Colored Dissolved Organic Matter and Dissolved Organic Carbon Exclusion from Lake Ice: Implications for Irradiance Transmission and Carbon Cycling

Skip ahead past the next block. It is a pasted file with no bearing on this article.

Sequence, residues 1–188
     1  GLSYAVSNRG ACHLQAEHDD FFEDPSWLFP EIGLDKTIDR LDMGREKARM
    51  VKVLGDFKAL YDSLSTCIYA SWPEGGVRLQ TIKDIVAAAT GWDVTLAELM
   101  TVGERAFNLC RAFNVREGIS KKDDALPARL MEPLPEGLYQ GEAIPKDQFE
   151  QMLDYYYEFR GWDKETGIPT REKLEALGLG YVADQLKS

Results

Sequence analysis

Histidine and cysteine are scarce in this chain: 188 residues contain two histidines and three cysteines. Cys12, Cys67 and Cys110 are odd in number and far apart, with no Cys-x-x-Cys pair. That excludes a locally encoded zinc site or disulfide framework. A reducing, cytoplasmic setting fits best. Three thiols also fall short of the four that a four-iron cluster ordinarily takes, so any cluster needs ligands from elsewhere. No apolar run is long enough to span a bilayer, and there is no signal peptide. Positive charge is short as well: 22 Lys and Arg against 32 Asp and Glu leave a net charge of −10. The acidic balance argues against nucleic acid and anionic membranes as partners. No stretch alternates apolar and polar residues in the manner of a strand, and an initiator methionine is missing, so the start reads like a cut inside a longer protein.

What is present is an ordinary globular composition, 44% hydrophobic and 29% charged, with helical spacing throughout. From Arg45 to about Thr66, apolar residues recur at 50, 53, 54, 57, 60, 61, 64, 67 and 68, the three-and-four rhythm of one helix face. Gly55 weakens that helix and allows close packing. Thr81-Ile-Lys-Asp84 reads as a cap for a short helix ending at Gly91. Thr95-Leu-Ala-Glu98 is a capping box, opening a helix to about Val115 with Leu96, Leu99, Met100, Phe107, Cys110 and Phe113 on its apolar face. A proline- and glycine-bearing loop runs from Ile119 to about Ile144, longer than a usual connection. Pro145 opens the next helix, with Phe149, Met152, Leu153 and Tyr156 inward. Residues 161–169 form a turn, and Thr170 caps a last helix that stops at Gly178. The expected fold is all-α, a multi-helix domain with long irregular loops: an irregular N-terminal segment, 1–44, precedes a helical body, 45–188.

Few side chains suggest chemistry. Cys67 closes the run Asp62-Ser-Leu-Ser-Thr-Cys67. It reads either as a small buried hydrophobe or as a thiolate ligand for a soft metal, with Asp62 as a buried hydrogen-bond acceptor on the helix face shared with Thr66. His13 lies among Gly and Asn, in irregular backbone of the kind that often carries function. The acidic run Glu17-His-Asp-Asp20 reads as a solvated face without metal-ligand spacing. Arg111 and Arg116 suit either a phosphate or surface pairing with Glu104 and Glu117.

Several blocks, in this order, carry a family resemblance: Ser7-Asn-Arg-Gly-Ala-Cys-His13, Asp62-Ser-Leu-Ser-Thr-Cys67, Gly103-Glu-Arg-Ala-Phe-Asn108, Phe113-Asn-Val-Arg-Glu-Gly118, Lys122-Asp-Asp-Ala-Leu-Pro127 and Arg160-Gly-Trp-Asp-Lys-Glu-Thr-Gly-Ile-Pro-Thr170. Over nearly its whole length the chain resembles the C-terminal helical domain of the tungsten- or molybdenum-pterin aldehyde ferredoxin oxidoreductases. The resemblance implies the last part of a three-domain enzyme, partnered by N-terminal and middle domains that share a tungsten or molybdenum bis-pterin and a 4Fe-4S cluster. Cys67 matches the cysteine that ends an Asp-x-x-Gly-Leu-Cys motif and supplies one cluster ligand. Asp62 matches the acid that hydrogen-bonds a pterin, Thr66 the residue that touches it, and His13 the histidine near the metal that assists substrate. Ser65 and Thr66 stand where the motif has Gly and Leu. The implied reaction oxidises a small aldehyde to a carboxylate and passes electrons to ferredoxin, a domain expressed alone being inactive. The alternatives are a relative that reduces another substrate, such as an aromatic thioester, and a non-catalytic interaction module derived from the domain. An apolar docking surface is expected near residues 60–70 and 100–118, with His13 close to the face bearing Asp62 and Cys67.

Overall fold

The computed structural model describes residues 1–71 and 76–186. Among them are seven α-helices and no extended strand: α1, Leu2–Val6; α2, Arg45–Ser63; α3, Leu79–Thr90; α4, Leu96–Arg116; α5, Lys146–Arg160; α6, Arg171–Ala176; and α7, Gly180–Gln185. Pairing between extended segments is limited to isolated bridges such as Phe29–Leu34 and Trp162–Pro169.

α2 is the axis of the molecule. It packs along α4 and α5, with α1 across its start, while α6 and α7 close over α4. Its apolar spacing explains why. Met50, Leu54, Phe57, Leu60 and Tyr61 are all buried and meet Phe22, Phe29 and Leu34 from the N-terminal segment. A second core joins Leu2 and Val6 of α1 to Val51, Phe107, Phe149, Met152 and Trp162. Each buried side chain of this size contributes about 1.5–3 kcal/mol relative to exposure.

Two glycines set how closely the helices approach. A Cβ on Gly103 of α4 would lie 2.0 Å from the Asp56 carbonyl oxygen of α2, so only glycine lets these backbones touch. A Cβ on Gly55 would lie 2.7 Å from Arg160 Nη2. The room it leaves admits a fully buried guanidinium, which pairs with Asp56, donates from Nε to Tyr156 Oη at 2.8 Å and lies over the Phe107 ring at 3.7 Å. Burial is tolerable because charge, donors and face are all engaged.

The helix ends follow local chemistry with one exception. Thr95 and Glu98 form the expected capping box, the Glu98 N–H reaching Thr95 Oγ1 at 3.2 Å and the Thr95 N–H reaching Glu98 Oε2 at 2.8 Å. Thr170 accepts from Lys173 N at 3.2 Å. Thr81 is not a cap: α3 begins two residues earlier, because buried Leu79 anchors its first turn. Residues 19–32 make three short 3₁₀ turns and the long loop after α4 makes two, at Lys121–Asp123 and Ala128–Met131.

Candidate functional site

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<ul><li><p>Colored Dissolved Organic Matter and Dissolved Organic Carbon Exclusion from Lake Ice:Implications for Irradiance Transmission and Carbon CyclingAuthor(s): Claude Belzile, John A. E. Gibson and Warwick F. VincentSource: Limnology and Oceanography, Vol. 47, No. 5 (Sep., 2002), pp. 1283-1293Published by: American Society of Limnology and OceanographyStable URL: http://www.jstor.org/stable/3068949 .Accessed: 15/06/2014 23:57</p><p>Your use of the JSTOR archive indicates your acceptance of the Terms &amp; Conditions of Use, available at .http://www.jstor.org/page/info/about/policies/terms.jsp</p><p> .JSTOR is a not-for-profit service that helps scholars, researchers, and students discover, use, and build upon a wide range ofcontent in a trusted digital archive. We use information technology and tools to increase productivity and facilitate new formsof scholarship. For more information about JSTOR, please contact support@jstor.org.</p><p> .</p><p>American Society of Limnology and Oceanography is collaborating with JSTOR to digitize, preserve andextend access to Limnology and Oceanography.</p><p>http://www.jstor.org </p><p>This content downloaded from 193.105.154.120 on Sun, 15 Jun 2014 23:57:10 PMAll use subject to JSTOR Terms and Conditions</p><p>http://www.jstor.org/action/showPublisher?publisherCode=limnochttp://www.jstor.org/stable/3068949?origin=JSTOR-pdfhttp://www.jstor.org/page/info/about/policies/terms.jsphttp://www.jstor.org/page/info/about/policies/terms.jsp</p></li><li><p>Limrlol Ocean(vgr., 47(5), 2002, 1283-1293 (C) 2002, by the American Society of Limnology and Oceanography, Inc. </p><p>Colored dissolved organic matter and dissolved organic carbon exclusion from lake ice: Implications for irradiance transmission and carbon cycling </p><p>Claude Belzile, 1 John A. E. Gibson, 2 and Warwick F. Vincent Departement de biologie and Centre d'etudes nordiques, Universite Laval, Sainte-Foy, Quebec, Canada G1K 7P4 </p><p>Abstract Thick ice cover is a feature of cold-temperate, polar, and alpine lakes and rivers throughout much of the year. </p><p>Our observations from Canadian lakes and rivers across the latitudinal gradient 46-80N show that their overlying ice contains low concentrations of dissolved organic carbon (DOC) and colored dissolved organic matter (CDOM) relative to the underlying waters. The CDOM exclusion factor (water/ice) ranged from 1.4 to 114 and was typically greater than twice the exclusion factor for inorganic solutes. Application of synchronous fluorescence analysis to lake ice samples and experimentally frozen lakewater indicated that only less complex, lower molecular weight molecules were retained within the ice. Consistent with this analysis, DOC-specific absorption showed that the DOC in the ice was generally less colored than that in the underlying waters. The reduced CDOM absorption within the ice allowed relatively high ultraviolet (UV) transmission despite the elevated scattering within the ice and resulted in UV diffuse attenuation coefficients up to eight times lower in the ice than in the underlying waters. This relatively low attenuation by the ice would cause organisms trapped near the surface by inverse stratification to experience high UV exposure prior to ice breakup. The ice exclusion effect gives rise to a concentrated zone of CDOM and DOC that is likely to favor heterotrophic and mixotrophic processes and influence biogeochemical interactions. </p><p>Colored dissolved organic matter (CDOM) plays a central role in a broad range of processes in the aquatic environ- ment. Absorption by CDOM is often responsible for most of the ultraviolet (UV, 280-400 nm) attenuation in lakes, rivers, and coastal environments (Morris et al. 1995; Laurion et al. 1997; Gibson et al. 2000). CDOM also attenuates pho- tosynthetically available radiation (PAR, 400-700 nm), thereby affecting primary production by the plankton and benthos (Arrigo and Brown 1996; Carpenter et al. 1998; Markager and Vincent 2000) and heat exchange and buoy- ancy fluxes in the upper water column (Fee et al. 1996). CDOM and its correlate, dissolved organic carbon (DOC), are substrates for heterotrophic growth. In oligotrophic and mesotrophic lakes, DOC is usually the largest pool of or- ganic carbon and represents an important constituent of the biogeochemical carbon cycle. Moreover, CDOM is photo- chemically active and can be photodegraded to lower mo- lecular weight components that are then available to the mi- crobial food web (Moran and Zepp 1997; Reche et al. 1998; Bertilsson et al. 1999). CDOM also alters contaminant toxicity and nutrient availability (reviewed in Williamson et </p><p>' Corresponding author (claude.belzile@bio.ulaval.ca). 2 Present affiliation: CSIRO Marine Research, GPO Box 1538, </p><p>Hobart, Tasmania 7001, Australia. </p><p>Acknowledgments This research was funded by the Natural Sciences and Engineer- </p><p>ing Research Council of Canada, the Fonds pour la Formation de Chercheurs et l'Aide a la Recherche of Quebec, the Centre d'etudes nordiques, and Indian and Northern Affairs Canada. We thank the Polar Continental Shelf Project for logistic support in the Arctic (this article is PCSP publication 01502); Luc Miousse, Patrick Van Hove, Frederique Pivot, Marie-Josee Martineau, Denise Chouinard, and Philippe Marchessault for help they provided at various stages during this project; Michel Gosselin for providing the ice corer; and Diane McKnight for providing the FA standards. We also thank two anonymous reviewers for insightful comments. </p><p>al. 1999). Factors that affect CDOM or DOC in aquatic eco- systems such as climate effects on vegetation thus indirectly modify a wide range of aquatic processes and ultimately affect water quality and ecosystem productivity (e.g., Pienitz and Vincent 2000). </p><p>CDOM absorption or fluorescence has now been mea- sured in samples from the water column of many types of aquatic ecosystem. Much less is known, however, about the CDOM properties of ice. Lakes and rivers in the polar and subpolar regions are covered by ice for &gt;6 months of the year, and several months of ice cover are also characteristic of freshwater environments in several other ecoregions, in- cluding the boreal forest and alpine zones. Two types of ice form over freshwaters: clear ice and white ice. Clear ice is formed from accretion at the ice-water interface, whereas white ice results from freezing of flooded snow on the ice surface. White ice is much more opaque to irradiance pen- etration than clear ice and, like snow, exerts a major control on irradiance penetration (Welch et al. 1987). A third type of ice, brackish ice, is found over saline lakes throughout the cold regions, especially the Arctic and Antarctica. It is known that gases, ions, and nutrients are excluded from the ice during freeze-up and that this exclusion is generally more effective when ice growth is slow (Adams 1981; Schmidt et al. 1991; Wharton et al. 1993). Sea ice is often enriched in CDOM or DOC through ice algae production and the release of algal exudates (Perovich et al. 1998; Belzile et al. 2000). To our knowledge, however, the only account of DOC in lake ice is from Lake Bonney, McMurdo Dry Valleys, from which Priscu et al. (1999) reported that DOC concentration in bottom accretion ice was 58% of that of the underlying waters. </p><p>The objectives of the present study were to measure the partitioning of CDOM between ice and water under a wide range of ice conditions, to compare the relative exclusion of CDOM with inorganic solutes, to characterize CDOM from absorption and fluorescence measurements in lake ice and </p><p>1283 </p><p>This content downloaded from 193.105.154.120 on Sun, 15 Jun 2014 23:57:10 PMAll use subject to JSTOR Terms and Conditions</p><p>http://www.jstor.org/page/info/about/policies/terms.jsp</p></li><li><p>1284 Belzile et al. </p><p>5 nm on both sides and a wavelength difference between the excitation and emission beams (bA) of 14 nm, which we have found to be optimal for resolving differences in CDOM be- tween sources. This setting also minimizes the overlap be- tween CDOM peaks and the Raman water peak and greatly suppresses the latter. SF spectra were recorded over the ex- citation wavelength range 236-600 nm. Fluorescence scans were corrected for the absorption within the sample (inner- filter effect) according to McKnight et al. (2001), except that the absorption coefficient of the sample was measured by spectrophotometry (as described above). SF spectra pub- lished elsewhere have been measured by use of many dif- ferent bA values (e.g., 18 nm in Senesi et al. 1991; 25 nm in Ferrari and Mingazzini 1995; 20 nm in Pullin and Ca- baniss 1997; and 30 nm in Lu and Jaffe 2001). However, our tests showed that the position of the fluorescence peaks was only weakly affected by the bA, at least for bA &lt; 30 nm, and that peak positions identified in studies elsewhere are within 15 nm of the peak positions found when our in- strument setup was used. At bA &gt; 20 nm, we found that water Raman fluorescence strongly interfered with the CDOM fluorescence peak at 300 nm and that CDOM peaks at longer wavelengths were much broader. Analysis of model compounds or water samples and isolated fulvic acids (FA) from a wide range of aquatic environments has shown that fluorophores with one aromatic ring that have aliphatic, al- coholic, or ester bonds usually show a strong fluorescence peak at 293-308 nm (corresponding to peak I in Lu and Jaffe 2001 and peak hA in Ferrari and Mingazzini 1995), whereas further substitutions and polyaromatic rings systems shift the SF peaks to longer wavelengths (Ferrari and Mingazzini 1995 and references therein; Lu and Jaffe 2001; see also Results section). </p><p>Laboratory freeze-up experiment A laboratory freezing experiment was performed to verify and extend the field ob- servations. A water sample collected in Lac Saint-Jean in March 2001 and kept at 4C in the dark for 9 months was filtered through 0.22-,um Sartorius cellulose acetate filters. The filtered water was dispensed in three 400-ml insulated containers with an open top and placed in a-20C freezer. The containers were removed from the freezer after 4.5, 5, and 6 h, and the ice and liquid water were separated. These different freezing times produced the freezing of 24Wo, 28Wo, and 32% of the water, and most of the ice formed at the upper water surface. Conductivity, aCDOM, and SF spectra of the initial water sample and of each melted ice and water fractions were measured according to the methods described above. </p><p>Irradiance transmission and attenuation Transmission of downwelling UV irradiance (at 320, 340, and 380 nm) and PAR through the ice was measured by use of a PUV500 radiometer (Biospherical Instruments) at two sites in the sub- arctic (Lake Kachishayoot and Great Whale River) where the catchments lie in the northern limit of boreal forest and generate moderate levels of CDOM (Gibson et al. 2001). The ice surfaces were carefully cleared of snow over a 12 m2 area, to estimate irradiance transmission through the ice only. Irradiance transmitted through the ice was measured </p><p>water, and to evaluate the effect of CDOM exclusion on spectral irradiance attenuation in ice. To address these ob- jectives, we sampled the ice and water column of seven aquatic ecosystems (six lakes and one river) that were se- lected to cover the broadest range of ice and CDOM con- ditions. The sites were distributed across the vegetation gra- dient (thus CDOM gradient, Vincent and Pienitz 1996) of North America, from latitude 46N (mixed broadleaf-conifer forest) to 80N (polar desert). </p><p>Materials and methods </p><p>Ice cores and water column sampling Lakes were sam- pled at the time of maximum ice thickness, with the excep- tion of Lac Bedard, at which we sampled newly formed, thin ice in November. Ice cores were taken by use of a MARK II corer (9-cm internal diameter; Kovacs Entreprise). The ice cores were obtained from the central part of the lake, except at Lac Saint-Jean (stations at 2-12 km from the shore of this l,050 km2 lake); 10-50 cm ice sections were slowly melted in the dark in Ziploc bags. The first 10 ml of meltwater were discarded, to eliminate contamination that might occur during coring and handling. Water samples were taken by use of a 2-liter Kemmerer sampling bottle. Samples were transferred to dark Nalgene bottles and kept cold until pro- cessing (within 6 h of collection). Water column profiles of temperature and conductivity were measured by use of a Hydrolab Surveyor III profiler. The conductivity of the melt- ed ice samples was measured by use of the same Hydrolab. CDOM, DOC, and ion exclusion factors were calculated as the ratio of the value in the water column to that in the ice cover. The ion exclusion factors were calculated on the basis of conductivity. These exclusion factors should be viewed as "apparent" exclusion factors, because the concentrations in water at the time of ice formation are unknown and be- cause subsequent DOC photodegradation may have affected the value observed in ice. Values measured in ice sections were weighted by each section thickness to calculate the value integrated over the full ice cover or mean value. </p><p>CDOM and DOC characterization CDOM absorption coefficients, aCDOM (m-'), were measured for each melted ice sample and for one-three depths in the underlying water column. Samples were filtered through 0.22-,um Sartorius cellulose acetate filters and stored at 4C in amber glass bot- tles until analysis (within l month). aCDOM was measured every 2 nm over the wavelength range 250-820 nm by use of a 1 cm, acid-cleaned, quartz cuvette in a Hewlett Packard 8452A spectrophotometer. DOC concentrations were deter- mined by use of the infrared detection and UV digestion method (for Romulus Lake and Char Lake; Environment Canada, National Laboratory for Environmental Testing) or high-temperature oxidation with a Shimadzu 5050 total or- ganic carbon analyzer (for Lake Kachishayoot and Great Whale River). The CDOM samples were further analyzed by synchronous fluorescence spectroscopy (Senesi et al. l 991; Ferrari and Mingazzini 1995; Pullin and Cabaniss 1997; Lu and Jaffe 2001). Synchronous fluorescence (SF) spectra were recorded with a Shimadzu FR5000 spectroflu- orometer used in the synchronous mode with a slit width of </p><p>This content downloaded from 193.105.154.120 on Sun, 15 Jun 2014 23:57:10 PMAll use subject to JSTOR Terms and Conditions</p><p>http://www.jstor.org/page/info/about/policies/terms.jsp</p></li><li><p>Table 1. Description of the lakes and nver sampled. Latitude, sampling date, total ice thickness (cm), white ice thickness (cm), CDOM absorption coefficient at 320 nm [(aCDOM(320)! m-')], and specific conductivity (SCond, ,aS cm-l) in the surface water and exclusion factor for aCDOM(320) and ions in the ice cover. </p><p>CDOM Ion Latitude Total ice White ice aCDOM(320) SCond exclusion exclusion </p><p>Site (N) Core no. Date (cm) (cm) (m-') (,aS cml) factor factor </p><p>Romulus Lake 7952 l 06 May 2000 251 5.7 16,000 6.0 6.6 Char Lake 7442 1 12 May 20()0 240 2 0.4 273 1.4 110.1 Lake Kachishayo...</p></li></ul>